Having an odd problem here with regards to pound reverse proxy no longer directing traffic properly on a CentOS based distro (ClearOS 6.2.x).

I believe that it's an iptables issue or something else in that I see nothing to even indicate inbound traffic in my /var/log/messages or /var/log/system.

How can I increase iptables logging verbosity and verify what is going on with it (in terms of certainty as to where the logging data is being kept)?

2 Answers 2


Below are the general steps I've taken in the past to turn on iptables logging.

Modify Logging
- sudo vi /etc/syslog.conf
- kern.warning /var/log/iptables.log
 - sudo /sbin/service syslog restart
 - sudo vi /etc/logrotate.d/syslog
- If this file is already there, add /var/log/iptables.log to the first line
- If the file is not there, add it:
/var/log/messages /var/log/secure /var/log/maillog /var/log/spooler /var/log/boot.log /var/log/cron /var/log/iptables.log {
        /bin/kill -HUP `cat /var/run/syslogd.pid 2> /dev/null` 2> /dev/null || true
Implement firewall rules
• sudo vi /etc/sysconfig/iptables.script
• sudo chmod 700 /etc/sysconfig/iptables.script
• sudo /etc/sysconfig/iptables.script

Within my iptables script, I have all of my generic allow rules at the top and then towards the bottom I have some specific logging rules. Below are a few examples.

# Log dropped traffic
/sbin/iptables -A INPUT -j LOG -m limit --limit 10/m --log-level 4 --log-prefix "Dropped Traffic: "
# Log outbound traffic for anything not equal private ip ranges (this is defined in some previous rules)
/sbin/iptables -A OUTPUT -j LOG -m limit --limit 10/m --log-level 4 --log-prefix "Outbound Traffic: "
# Log traffic that doesn't hit a rule above (stuff that may be blocked in the future)
/sbin/iptables -A INPUT -j LOG -m limit --limit 10/m --log-level 4 --log-prefix "Potentially Dropped Traffic: "

There are obviously a ton of things you can do with this. Here is a good link for some generic information.

  • Thanks that was quite helpful, however I'm not seeing quite enough verbosity I fear. For example, when I compare all inbound packets from tcpdump I am seeing the packets with the src ip in question hitting the network, yet there is nothing in the iptables log that matches these. Can I get any more verbose than iptables -A INPUT -j LOG --log-level 4?
    – ylluminate
    May 4, 2012 at 19:46
  • The main thing you need to make sure is that with your log statements you are logging all traffic. On some of my examples above, I have ACCEPT rules above it and then I'm only logging dropped traffic below. So what I would recommend for your troubleshooting is to set up a "-j LOG" option for all traffic and then compare it.
    – Eric
    May 7, 2012 at 13:05
  • I ended up adding a trace like so: iptables -t raw -A PREROUTING -p tcp --destination --dport 80 -j TRACE and iptables -t raw -A OUTPUT -p tcp --destination --dport 80 -j TRACE. Would you suggest anything that would be more verbose. I'm still really not seeing the root problem I'm hunting for in terms of why packets would not be getting to pound in my particular case.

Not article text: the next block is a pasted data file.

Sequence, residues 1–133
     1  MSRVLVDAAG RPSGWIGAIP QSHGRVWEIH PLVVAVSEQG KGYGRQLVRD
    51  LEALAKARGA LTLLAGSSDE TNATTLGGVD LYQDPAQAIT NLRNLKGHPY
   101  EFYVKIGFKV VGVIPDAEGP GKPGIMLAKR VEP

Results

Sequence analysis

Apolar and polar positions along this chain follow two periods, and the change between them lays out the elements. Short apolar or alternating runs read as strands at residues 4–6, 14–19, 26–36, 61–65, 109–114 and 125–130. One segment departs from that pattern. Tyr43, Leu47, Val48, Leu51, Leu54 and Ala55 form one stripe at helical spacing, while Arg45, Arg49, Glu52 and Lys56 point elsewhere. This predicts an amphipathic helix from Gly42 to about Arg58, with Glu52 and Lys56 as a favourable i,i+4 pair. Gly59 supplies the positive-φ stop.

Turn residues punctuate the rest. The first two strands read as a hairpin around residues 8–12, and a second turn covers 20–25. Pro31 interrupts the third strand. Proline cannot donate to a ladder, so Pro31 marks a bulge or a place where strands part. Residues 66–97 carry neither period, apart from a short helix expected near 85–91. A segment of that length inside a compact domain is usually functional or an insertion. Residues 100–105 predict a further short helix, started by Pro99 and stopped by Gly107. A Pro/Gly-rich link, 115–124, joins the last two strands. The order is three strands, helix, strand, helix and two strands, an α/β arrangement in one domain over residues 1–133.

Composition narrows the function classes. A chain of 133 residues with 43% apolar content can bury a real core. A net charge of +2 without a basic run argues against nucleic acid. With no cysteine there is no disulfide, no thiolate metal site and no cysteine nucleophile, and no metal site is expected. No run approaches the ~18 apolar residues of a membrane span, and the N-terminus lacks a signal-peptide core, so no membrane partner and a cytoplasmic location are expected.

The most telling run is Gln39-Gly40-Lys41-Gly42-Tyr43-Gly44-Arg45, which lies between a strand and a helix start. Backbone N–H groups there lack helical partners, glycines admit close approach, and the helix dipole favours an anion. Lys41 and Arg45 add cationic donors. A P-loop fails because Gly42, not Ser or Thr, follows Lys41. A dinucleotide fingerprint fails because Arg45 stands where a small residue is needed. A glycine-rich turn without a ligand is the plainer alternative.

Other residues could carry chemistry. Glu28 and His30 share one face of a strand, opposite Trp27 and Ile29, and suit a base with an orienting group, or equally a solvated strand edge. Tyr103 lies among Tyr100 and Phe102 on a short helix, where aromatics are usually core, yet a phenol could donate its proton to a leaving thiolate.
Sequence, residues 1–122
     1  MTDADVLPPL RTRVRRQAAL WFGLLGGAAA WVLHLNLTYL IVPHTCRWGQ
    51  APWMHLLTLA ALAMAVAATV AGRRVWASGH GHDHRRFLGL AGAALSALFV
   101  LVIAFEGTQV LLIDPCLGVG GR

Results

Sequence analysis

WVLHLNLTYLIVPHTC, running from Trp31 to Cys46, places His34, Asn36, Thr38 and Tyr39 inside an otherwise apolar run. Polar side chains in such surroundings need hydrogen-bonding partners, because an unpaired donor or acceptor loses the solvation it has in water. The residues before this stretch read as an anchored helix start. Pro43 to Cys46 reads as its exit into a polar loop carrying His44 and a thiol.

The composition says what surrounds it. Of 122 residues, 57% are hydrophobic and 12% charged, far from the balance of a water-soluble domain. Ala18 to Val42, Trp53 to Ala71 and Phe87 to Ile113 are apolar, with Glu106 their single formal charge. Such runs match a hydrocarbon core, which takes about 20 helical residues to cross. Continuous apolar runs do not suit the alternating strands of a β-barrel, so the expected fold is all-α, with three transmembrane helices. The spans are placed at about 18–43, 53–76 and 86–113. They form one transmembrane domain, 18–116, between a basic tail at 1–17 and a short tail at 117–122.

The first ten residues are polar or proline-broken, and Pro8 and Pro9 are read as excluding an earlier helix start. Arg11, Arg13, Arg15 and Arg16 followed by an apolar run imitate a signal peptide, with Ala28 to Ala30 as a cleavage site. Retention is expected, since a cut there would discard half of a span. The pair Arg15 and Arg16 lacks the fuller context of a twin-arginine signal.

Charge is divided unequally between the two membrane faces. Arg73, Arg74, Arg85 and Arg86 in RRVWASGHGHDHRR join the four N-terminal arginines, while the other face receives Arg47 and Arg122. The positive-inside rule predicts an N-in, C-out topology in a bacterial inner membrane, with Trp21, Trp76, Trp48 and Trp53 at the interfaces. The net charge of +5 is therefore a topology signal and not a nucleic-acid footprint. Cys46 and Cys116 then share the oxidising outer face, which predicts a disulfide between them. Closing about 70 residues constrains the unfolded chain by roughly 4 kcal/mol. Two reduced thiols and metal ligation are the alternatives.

– ylluminate
    May 7, 2012 at 18:31
  • While the iptables logs are going to help you on some drop traffic, it sounds like your searching for more of a configuration issue. I would recommend ensuring ip forwarding is enabled, take away any drop rules on iptables, allow everything to be prerouted, forwarded, or whatever else you need, and then just tcpdump both interfaces. This is what is truly going to give you the information you need. Once you get that working, then you can start gradually turning rules back on.
    – Eric
    May 7, 2012 at 21:45
  • I think the real problem I'm having here is figuring out how to customize the iptables rules entirely on this CentOS distro. I cannot seem to find where everything that's already set up is being stored and thus fully modify. Yes, I'd very much like to essentially allow all to pass through to see if that even initially solves my problem of traffic arriving at pound, however I'm not seeing where to do this precisely in this situation.
    – ylluminate
    May 7, 2012 at 23:59

You can use the '-j LOG' target to log the matched packet to your system log. You can also prefix it with any arbitrary string.

To help in debugging the problem, you can use anetwork sniffer like wireshark or tcpdump. Also, iptables counters can a good source of information on a less busy servers by monitoring the changes of a certain rule.

You can view the exact counters with iptables -L -nvx.

  • Thanks for the note! Yes, already familiar with using packet sniffers and my traffic is being seen on the inbound with tcpdump, wireshark, etc... However the problem is that something is stopping these packets. Presently I have enabled iptables -A INPUT -j LOG --log-level 4 as per the detailed instructions that @Eric gave above, however I'm simply not seeing this traffic in iptables. Do you know if that's as verbose as you can get? Otherwise, I'm going to have to hunt elsewhere for something that could be blocking traffic I suppose.
    – ylluminate
    May 4, 2012 at 19:49

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